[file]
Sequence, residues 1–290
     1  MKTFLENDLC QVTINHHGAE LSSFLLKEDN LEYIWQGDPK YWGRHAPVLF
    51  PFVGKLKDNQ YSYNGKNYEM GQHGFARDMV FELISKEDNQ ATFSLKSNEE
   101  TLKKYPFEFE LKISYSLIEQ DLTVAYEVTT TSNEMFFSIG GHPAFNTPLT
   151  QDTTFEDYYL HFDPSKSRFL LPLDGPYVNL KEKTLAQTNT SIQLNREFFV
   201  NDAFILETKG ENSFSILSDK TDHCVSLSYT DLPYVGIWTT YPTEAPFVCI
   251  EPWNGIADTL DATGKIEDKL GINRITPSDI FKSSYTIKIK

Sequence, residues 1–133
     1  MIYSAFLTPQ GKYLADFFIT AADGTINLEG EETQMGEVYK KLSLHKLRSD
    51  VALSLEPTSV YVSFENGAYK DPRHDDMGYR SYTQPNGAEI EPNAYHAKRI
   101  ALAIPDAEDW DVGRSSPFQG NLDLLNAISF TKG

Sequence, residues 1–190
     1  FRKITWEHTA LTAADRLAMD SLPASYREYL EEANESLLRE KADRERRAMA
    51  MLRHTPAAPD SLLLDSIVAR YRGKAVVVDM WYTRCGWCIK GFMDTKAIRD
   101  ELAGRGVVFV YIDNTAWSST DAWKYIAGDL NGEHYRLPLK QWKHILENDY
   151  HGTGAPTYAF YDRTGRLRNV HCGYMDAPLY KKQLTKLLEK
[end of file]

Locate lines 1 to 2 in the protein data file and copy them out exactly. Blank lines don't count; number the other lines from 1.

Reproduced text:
Sequence, residues 1–290
     1  MKTFLENDLC QVTINHHGAE LSSFLLKEDN LEYIWQGDPK YWGRHAPVLF